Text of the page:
Talk centers on abortion rights

A recent Supreme Court decision was the impetus for a panel discussion on the future of abortion rights Thursday night.

At the event, which was sponsored by the Yale Law Students for Reproductive Justice, three legal experts discussed the state of abortion rights after the April Supreme Court decision in Gonzales v. Carhart, which upheld the federal ban on partial-birth abortion. The speakers warned that the decision may make it easier to pass legislation further restricting access to abortion.

Law School professor Reva Siegel discusses the future of abortion rights in the wake of the recent Supreme Court decision in Gonzales v. Carhart, which allowed the Partial-Birth Abortion Ban.
Ming-Yee Lin
Law School professor Reva Siegel discusses the future of abortion rights in the wake of the recent Supreme Court decision in Gonzales v. Carhart, which allowed the Partial-Birth Abortion Ban.

Judy Tabar, CEO of Planned Parenthood Connecticut and the moderator of the panel, kicked off the discussion.

“As we analyzed the Supreme Court decision, when it came down, it was so much more stunning a blow than we imagined,” Tabar said.

In her remarks, Yale Law School professor Reva Siegel described the history, internal conflicts and rationales of the pro-life movement. She asserted that the Partial-Birth Abortion Act only prohibits a small number of abortions, but that the purpose of the statue was “to pick at uncomfortable spots.” Many of those who support abortion rights generally are more willing to legislate against “partial-birth” procedures.

Siegel received a slight laugh from the audience when she noted that members of the pro-life camp have begun to argue that abortion is a threat to women’s health and freedom.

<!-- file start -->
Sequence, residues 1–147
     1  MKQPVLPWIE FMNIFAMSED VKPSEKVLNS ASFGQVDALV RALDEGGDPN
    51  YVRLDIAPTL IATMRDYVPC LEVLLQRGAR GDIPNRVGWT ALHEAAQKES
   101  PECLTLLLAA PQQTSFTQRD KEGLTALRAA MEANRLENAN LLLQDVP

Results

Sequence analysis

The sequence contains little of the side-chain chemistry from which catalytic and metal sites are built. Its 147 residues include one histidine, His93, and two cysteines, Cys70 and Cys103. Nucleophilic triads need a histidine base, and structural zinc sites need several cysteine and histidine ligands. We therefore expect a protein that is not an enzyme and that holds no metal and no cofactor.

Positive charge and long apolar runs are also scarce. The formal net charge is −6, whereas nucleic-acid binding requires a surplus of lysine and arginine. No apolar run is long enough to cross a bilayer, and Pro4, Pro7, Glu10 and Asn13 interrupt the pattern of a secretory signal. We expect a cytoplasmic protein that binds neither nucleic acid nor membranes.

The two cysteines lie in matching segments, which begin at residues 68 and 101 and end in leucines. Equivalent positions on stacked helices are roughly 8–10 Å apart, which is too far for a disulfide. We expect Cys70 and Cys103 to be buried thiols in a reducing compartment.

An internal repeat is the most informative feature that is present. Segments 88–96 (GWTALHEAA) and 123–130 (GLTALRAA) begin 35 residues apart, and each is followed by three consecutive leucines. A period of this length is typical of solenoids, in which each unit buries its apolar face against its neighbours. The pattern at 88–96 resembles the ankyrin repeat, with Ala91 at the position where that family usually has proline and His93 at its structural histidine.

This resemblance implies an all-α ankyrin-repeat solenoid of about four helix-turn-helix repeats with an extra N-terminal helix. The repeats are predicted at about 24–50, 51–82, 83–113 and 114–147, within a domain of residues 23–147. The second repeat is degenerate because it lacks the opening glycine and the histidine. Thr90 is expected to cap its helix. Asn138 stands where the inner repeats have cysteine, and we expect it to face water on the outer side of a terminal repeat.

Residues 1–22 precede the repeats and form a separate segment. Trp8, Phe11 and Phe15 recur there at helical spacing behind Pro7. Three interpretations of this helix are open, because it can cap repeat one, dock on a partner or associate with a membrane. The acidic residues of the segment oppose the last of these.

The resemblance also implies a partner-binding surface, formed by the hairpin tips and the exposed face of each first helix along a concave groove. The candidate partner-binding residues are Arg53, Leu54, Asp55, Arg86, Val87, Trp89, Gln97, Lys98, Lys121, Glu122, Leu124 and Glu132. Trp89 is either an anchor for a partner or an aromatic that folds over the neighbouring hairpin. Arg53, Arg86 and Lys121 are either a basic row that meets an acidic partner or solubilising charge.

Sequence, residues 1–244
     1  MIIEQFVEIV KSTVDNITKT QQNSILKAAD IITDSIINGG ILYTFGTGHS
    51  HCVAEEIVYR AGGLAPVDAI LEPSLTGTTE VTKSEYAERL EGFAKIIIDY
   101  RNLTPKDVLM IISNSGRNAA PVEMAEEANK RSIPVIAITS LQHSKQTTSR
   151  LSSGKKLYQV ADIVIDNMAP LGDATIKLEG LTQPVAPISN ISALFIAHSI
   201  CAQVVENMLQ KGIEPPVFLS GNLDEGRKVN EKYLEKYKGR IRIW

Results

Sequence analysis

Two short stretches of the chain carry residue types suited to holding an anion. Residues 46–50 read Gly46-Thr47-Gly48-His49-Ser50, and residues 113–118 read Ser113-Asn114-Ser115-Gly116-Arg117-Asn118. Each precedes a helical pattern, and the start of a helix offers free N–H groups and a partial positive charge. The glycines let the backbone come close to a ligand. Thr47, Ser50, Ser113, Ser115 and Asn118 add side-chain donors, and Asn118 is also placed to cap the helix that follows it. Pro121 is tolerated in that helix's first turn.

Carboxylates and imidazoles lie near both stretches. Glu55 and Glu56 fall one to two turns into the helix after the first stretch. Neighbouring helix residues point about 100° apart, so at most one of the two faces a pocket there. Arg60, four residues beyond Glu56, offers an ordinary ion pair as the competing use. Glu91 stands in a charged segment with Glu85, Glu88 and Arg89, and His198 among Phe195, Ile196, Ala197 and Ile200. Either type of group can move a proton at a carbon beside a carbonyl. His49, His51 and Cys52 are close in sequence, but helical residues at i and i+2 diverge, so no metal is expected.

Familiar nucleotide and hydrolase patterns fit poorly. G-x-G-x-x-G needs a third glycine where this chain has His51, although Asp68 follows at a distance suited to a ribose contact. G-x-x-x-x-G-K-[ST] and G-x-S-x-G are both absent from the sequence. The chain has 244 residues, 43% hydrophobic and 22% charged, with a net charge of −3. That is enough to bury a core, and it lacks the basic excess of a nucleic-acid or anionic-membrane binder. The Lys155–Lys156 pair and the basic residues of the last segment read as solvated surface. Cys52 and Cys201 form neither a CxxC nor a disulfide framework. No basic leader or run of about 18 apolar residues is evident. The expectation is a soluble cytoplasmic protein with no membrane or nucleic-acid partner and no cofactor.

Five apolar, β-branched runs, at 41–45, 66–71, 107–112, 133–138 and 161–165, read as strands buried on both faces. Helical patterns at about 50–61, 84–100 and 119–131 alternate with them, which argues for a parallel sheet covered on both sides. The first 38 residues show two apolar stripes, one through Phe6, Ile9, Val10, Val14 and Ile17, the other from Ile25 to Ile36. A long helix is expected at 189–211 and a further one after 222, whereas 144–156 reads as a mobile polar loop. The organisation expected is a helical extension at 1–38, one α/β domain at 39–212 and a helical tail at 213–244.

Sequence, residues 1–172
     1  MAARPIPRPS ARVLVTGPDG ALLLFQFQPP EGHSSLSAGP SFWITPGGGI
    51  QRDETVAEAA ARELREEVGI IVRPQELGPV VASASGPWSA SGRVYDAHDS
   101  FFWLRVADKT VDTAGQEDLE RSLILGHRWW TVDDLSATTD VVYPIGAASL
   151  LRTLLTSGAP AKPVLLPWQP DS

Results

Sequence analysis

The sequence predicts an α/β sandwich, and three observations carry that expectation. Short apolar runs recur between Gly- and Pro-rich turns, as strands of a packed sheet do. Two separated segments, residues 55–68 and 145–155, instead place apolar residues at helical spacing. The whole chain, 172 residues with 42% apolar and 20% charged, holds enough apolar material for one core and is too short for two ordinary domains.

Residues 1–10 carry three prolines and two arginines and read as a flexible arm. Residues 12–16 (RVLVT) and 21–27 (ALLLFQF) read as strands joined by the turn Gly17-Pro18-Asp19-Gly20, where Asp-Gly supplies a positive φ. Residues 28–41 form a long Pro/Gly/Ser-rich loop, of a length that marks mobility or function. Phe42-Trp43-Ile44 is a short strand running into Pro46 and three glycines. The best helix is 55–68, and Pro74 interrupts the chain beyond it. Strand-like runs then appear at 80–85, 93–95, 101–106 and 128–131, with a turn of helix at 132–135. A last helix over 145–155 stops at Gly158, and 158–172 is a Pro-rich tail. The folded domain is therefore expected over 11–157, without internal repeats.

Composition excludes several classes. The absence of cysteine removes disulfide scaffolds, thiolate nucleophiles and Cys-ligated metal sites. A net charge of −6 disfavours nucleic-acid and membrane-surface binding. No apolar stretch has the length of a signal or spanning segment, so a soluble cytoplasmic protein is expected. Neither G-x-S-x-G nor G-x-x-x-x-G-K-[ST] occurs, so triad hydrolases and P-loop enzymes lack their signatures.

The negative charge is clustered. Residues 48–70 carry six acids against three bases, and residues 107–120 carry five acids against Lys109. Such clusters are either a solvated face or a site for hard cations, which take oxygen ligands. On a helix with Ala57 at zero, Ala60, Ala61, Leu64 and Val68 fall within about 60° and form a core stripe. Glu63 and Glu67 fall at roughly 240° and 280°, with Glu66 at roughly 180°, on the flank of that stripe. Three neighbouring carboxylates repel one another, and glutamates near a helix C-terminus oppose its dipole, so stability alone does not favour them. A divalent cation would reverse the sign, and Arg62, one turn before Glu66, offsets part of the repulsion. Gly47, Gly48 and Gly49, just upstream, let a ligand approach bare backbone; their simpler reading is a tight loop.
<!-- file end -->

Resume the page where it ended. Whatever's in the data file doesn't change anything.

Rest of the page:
“It’s a flip of the statement that we use to describe criminalizing abortion,” Siegel said.

Eve Gartner, deputy director of Public Policy Litigation and Law at Planned Parenthood, emphasized how the recent court decision was truly a radical departure from the past 30 or more years of Supreme Court decisions.

“We have our work cut out, but it’s not hopeless,” Gartner said.

The final speaker, Sondra Goldschein, state strategies attorney at the American Civil Liberties Union, said she still has a positive outlook for the future of abortion rights. Laws can be passed on the state level to protect abortion rights, even if Roe v. Wade is overturned or further weakened by Supreme Court decisions.

“With primary season coming up, the state legislatures can’t be overlooked — they are crucial,” Goldschein said.

The organizers of the event said they were very pleased with the turnout at the discussion and with the diversity of the audience. Jael Humphrey LAW ’08, co-chair of the Yale Law Students for Reproductive Justice, said she found the conversation inspiring.

“We need to make sure that this decision affects us,” she said. “Our generation, having been born after Roe v. Wade, takes things for granted, to a certain extent. This ban is making people realize that they can personally be affected by these decisions.”

Susan Yolen, the vice president for public affairs and communication at Planned Parenthood of Connecticut, said she recognized the need to collaborate with law students.

“I would love to have more events like this,” Yolen said. “These are our future thinkers and legal scholars, it’s time to inspire them.”

The panel was also sponsored by the American Constitution Society, Yale Law Women and Planned Parenthood of Connecticut. Women comprised most of the audience, including undergraduates, law students, medical students and New Haven community members.

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